I understand that, Putney, and I have no qualms with that. (I will say I am surprised though, because they're all heavily steeped in influence from the exploitation films from the 70s, i.e., the grindhouse films, and that's your genre of high regard.) I'm just gettin' into a rant, I guess, because I'm sick of that label. You didn't create that label, it's not your fault. But it is part of the culture now and that in itself infuriates me. Before that moniker I'd hear people bashing Hostel (the first one) because it was like a porno, but more so pertaining to the first half of the film, the Amsterdam part and the sex scene with the girls in the hostel. And that always confused me. My generation, back in the 80s, if you were to tell any of us there was a movie with sex and nudity, we were right there with bated breath ready to watch it. I'm talking about all the horror movies and the teen sex comedies. Today it's just so different. I hear guys close to twenty arguing why they should watch Hostel, it's just like watching a porno. Well, what the fuck's wrong with a porno? Shouldn't they be watching pornos at that age? And, having said that, how is Hostel like a porno? Where's the cum shot? Where's the penetration? I just don't get these people. And then when I voice this, they say, "Oh, well, I guess you're right."
What gets me is when people are singling out the Saw films and the Hostel films, I wonder why no one ever seems to bring up the films that involved torture before them. I don't necessarily mean just movie fans, I mean the media especially. They're not the first films to involve torture scenes. I just saw Red Dragon again after a long while, and you have that scene where Phillip Seymour Hoffman is stuck naked to a chair with some kind of liquid polymer or glue. Nobody singled that scene out back then, and that wasn't too fuckin' long ago. I watched that and it disturbed me no less than any scene in a Hostel movie or a Saw movie. And then what happens? He's burned alive and rolled into a parking garage, just like in Manhunter before it. Having said that I doubt this is nothing any different than the films in the 70s got. Last House on the Left, Texas Chain Massacre, Friday the 13th, Mark of the Devil, Zombie.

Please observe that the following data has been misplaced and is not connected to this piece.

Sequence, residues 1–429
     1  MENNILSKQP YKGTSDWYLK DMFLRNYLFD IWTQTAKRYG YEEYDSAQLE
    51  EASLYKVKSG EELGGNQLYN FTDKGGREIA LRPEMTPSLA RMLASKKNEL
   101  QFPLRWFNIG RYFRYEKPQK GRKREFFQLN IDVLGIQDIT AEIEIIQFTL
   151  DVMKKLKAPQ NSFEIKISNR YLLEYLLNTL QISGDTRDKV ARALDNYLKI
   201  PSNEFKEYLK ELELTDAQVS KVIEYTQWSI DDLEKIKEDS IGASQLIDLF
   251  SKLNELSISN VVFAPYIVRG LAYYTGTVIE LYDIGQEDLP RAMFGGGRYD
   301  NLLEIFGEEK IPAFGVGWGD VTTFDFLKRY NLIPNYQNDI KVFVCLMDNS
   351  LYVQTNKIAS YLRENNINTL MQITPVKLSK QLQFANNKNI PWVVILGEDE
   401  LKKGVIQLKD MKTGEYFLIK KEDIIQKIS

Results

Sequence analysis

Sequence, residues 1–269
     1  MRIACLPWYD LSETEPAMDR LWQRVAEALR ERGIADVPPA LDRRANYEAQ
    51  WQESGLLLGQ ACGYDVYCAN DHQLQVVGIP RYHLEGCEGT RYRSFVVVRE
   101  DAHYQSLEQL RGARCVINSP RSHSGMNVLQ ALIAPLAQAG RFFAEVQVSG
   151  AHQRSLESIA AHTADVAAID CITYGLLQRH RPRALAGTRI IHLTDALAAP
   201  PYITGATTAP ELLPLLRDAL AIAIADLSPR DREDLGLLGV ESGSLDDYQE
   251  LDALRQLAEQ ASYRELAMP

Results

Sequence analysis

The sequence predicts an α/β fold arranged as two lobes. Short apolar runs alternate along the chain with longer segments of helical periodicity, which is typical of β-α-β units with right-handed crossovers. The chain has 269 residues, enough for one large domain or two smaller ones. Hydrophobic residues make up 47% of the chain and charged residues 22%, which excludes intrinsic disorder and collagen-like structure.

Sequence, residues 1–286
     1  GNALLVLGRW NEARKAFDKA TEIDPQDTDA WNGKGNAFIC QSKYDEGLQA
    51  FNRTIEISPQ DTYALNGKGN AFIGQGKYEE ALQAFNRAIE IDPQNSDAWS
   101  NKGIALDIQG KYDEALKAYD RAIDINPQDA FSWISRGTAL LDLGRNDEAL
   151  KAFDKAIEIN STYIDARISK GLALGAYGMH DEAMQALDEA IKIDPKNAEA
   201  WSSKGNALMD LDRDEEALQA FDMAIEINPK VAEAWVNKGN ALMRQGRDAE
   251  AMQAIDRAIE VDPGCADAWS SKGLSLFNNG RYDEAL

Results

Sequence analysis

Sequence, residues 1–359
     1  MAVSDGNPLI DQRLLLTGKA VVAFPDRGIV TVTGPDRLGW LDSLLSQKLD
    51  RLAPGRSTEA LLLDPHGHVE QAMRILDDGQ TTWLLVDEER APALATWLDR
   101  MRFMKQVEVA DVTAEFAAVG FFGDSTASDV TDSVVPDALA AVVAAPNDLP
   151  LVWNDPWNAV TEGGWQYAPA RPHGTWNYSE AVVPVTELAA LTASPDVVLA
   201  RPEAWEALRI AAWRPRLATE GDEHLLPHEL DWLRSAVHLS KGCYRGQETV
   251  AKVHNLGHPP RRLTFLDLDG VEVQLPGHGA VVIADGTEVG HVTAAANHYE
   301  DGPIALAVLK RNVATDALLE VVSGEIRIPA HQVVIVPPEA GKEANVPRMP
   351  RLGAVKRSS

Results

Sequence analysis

They're all in very good company, if you ask me.
Putney: That's cool that you kinda like Cabin Fever. It's actually in vogue right now to bash that flick. I'm in total geek love with Cabin Fever, and I'll stand up for it till the day I die. I love Hostel for its ode to Japanese horror films and gothic horror films and sexploitation films, and I love Hostel: Part II for its ode to the Italian horror film. I think its interesting as hell that right now, the only country that's releasing films heavily steeped in the Italian style of horror films today is the United States. High Tension is the exception, unless you wanna call (at least the first) Saw an Australian horror film in the giallo style because James Wan and Leigh Whannel are Australian. The films were produced here though.